The first principle of legal writing is surely its clarity — visible actors (unless the action matters more), uncluttered syntax, and, of course, logical structure. But the little things can matter to clarity, too — such as deliberate punctuation that signifies. In the language of law, in which compound nouns are rife, the reader can feel adrift as to where modifiers end and the noun begins. (Consider government-subsidized health flexible-spending arrangement without those hyphens.) Hyphens help. Whether an author cares to hyphenate the noun is his call; but hyphenating compound modifiers (also called phrasal adjectives, though they may include adverbs — more-abundant paperclips) follows a logic that is worth learning. This essay describes that logic. But its pitch is that legal writing, of all writing disciplines, should practice a deliberate, consistent use of such hyphens, rather than the more-relaxed practice readers see in less-formal writing (whose effects, of course, are usually also less consequential).

There are limits, of course, to how far a compound stitched with hyphens can stretch. Brian Garner dubs such hyperextension “snakelike compounds,” and suggests “rework[ing] the sentence.”32 Exceptions are compounds crafted tongue in cheek, such as Fred Rodell’s typology of footnotes: “There is the explanatory or if-you-didn’t-understand-what-I-said-in-the-text-this-may-help-you type. And there is the probative or if-you’re-from-Missouri-just-take-a-look-at-all-this type.”33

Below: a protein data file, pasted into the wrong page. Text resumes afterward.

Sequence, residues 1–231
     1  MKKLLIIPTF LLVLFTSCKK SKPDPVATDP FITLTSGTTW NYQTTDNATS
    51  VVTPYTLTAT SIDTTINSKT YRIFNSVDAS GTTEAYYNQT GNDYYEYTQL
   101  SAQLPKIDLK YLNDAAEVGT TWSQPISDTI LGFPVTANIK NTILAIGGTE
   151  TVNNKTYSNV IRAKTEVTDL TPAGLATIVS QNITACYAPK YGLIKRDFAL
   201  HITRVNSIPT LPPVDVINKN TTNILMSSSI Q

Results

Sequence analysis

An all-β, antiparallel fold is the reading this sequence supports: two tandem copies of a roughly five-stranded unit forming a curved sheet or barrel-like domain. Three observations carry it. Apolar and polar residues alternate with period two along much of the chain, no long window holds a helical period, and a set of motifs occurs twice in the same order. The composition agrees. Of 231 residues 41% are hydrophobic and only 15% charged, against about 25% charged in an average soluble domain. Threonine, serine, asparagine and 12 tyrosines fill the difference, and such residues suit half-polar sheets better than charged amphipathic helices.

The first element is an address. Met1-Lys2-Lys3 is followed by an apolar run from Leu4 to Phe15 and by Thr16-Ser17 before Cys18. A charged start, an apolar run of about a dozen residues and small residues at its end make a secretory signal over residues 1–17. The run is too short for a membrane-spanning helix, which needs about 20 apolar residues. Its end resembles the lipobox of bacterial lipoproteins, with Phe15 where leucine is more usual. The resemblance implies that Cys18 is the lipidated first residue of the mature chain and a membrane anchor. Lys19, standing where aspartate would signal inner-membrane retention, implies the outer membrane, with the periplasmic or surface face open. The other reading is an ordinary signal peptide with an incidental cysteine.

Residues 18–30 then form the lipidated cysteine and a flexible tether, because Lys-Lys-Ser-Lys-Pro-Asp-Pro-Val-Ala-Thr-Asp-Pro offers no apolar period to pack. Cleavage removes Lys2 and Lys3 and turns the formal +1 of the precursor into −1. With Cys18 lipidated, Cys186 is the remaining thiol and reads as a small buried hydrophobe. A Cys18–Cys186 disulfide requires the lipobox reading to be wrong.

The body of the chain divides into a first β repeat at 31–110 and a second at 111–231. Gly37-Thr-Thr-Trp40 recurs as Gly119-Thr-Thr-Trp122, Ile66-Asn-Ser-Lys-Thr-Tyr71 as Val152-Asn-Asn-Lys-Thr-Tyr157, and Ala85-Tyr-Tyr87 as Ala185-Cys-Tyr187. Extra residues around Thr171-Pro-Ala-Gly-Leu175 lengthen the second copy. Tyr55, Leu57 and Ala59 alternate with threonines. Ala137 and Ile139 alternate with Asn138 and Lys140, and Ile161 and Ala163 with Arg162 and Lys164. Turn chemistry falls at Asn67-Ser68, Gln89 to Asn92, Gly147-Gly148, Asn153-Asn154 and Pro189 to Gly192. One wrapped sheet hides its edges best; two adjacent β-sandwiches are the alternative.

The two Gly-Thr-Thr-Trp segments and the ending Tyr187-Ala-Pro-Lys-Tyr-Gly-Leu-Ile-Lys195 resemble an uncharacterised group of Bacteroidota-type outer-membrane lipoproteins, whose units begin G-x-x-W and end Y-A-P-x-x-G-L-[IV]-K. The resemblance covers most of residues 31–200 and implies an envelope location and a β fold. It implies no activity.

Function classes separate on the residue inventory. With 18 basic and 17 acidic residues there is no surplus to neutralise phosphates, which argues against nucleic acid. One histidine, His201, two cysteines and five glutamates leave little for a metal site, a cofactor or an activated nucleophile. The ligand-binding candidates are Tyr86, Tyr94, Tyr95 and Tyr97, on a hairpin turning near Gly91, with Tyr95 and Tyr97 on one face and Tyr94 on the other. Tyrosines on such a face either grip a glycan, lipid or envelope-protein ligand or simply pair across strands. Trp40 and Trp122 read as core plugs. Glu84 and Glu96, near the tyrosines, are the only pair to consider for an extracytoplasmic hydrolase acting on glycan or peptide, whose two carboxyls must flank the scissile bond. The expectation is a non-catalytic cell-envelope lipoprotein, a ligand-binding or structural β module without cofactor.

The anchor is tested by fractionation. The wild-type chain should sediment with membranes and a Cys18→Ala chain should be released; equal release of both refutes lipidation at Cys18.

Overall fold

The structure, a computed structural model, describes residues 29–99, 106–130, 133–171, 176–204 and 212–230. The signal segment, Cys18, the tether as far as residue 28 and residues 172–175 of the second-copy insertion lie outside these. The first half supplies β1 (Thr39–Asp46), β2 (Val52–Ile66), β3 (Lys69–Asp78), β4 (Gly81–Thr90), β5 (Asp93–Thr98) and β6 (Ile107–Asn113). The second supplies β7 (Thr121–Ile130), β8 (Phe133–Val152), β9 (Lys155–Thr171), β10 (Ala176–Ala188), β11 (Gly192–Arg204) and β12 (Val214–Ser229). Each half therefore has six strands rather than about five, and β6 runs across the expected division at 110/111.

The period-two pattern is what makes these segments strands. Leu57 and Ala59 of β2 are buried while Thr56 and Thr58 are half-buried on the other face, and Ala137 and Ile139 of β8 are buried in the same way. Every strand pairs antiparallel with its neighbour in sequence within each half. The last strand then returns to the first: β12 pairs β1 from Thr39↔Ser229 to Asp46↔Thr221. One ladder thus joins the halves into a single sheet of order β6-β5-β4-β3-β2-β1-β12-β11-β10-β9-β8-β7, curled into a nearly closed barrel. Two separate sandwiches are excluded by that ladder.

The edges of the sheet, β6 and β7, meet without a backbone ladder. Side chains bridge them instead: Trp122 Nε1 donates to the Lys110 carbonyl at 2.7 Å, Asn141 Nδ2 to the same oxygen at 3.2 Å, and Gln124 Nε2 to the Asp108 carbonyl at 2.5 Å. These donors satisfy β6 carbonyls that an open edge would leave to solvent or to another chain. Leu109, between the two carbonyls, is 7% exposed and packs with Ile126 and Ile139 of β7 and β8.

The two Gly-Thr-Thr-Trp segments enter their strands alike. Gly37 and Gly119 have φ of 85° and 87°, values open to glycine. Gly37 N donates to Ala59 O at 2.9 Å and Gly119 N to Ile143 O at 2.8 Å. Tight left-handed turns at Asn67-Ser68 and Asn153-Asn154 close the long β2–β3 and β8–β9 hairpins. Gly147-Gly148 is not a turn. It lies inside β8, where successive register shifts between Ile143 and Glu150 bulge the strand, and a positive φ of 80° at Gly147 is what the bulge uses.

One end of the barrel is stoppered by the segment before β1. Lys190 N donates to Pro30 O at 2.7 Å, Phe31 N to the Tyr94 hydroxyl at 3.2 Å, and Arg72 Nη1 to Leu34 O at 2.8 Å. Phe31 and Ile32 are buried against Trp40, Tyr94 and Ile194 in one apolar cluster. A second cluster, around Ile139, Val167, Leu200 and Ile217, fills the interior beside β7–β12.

Extremes and exceptions aside, the point is this: Hyphenating two or more words that precede the noun they modify facilitates the read and is the approved practice by a majority of those who weigh in on the subject. It is “never incorrect. [See the Chicago Manual of Style]

Extended adjectives

So, that gives us: He has committed I-don't-know-how-many crimes. It is an example of a hyperextended adjective.

This type of hyperextension is found, yes, in comical texts but is also fairly common in speech. And therefore, in plays and scripts.

Examples I have just made up:

She is not a for-better-or-for worse woman.
They are not but-I-don't-want-to-Mommy kids.
We are definitely the hold-your-nose-and-do-it people in this kind of situation.

And here is one I just found online in a formal text:

The second point is that the Protestant British (God bless them!1) undermined and obstructed the Catholic enterprise here; and, more tragically, the Anglo-American Catholicism that came with the Maryland colonizers was a weak, timid, all-too-impressed-with-their-fellow-countrymen-who-were-heretics type of religion. I shall save that second point, with its too-long hyphenated adjective, for another time. Now I would like to focus on the first point, our too-secret Catholic history.


[All bolding is mine. I fully expect posters to post ones of their own under this answer. Perhaps they have ones that are more germane and funnier.]

This is an answer I posted on ELL. (It received 4 upvotes.) And extending adjectives or hyperextending them is sometimes used in magazine articles or even academic papers if warranted.

[not from the other answer]

Dartmouth College

In a limited way, English permits some extension of this modifier (with, or sometimes without, a hyphen), so that we can talk about "a little-known fact," "a long-awaited response," "his yet-to-be-written book," "a soon-to-be-forgotten boyfriend," "a back-stabbing boot-licker," "The English-Speaking Peoples' Union, or " her often-missing husband."

Longer extensions, however, are not standard and at best lead to comical formulations. The basketball-player Darryl (Chocolate Thunder) Dawkins used this to effect when assigning names to his spectacular dunks. After dunking over Bill Robinzine and smashing the glass backboard in the process, he called that action The Chocolate-Thunder-Flying, Glass-Flying, Robinzine-Crying, Babies-Crying, Glass-Still-Flying, Cats-Crying, Rump-Roasting, Bun-Toasting, Thank You-Wham-Bam-I-Am-Jam.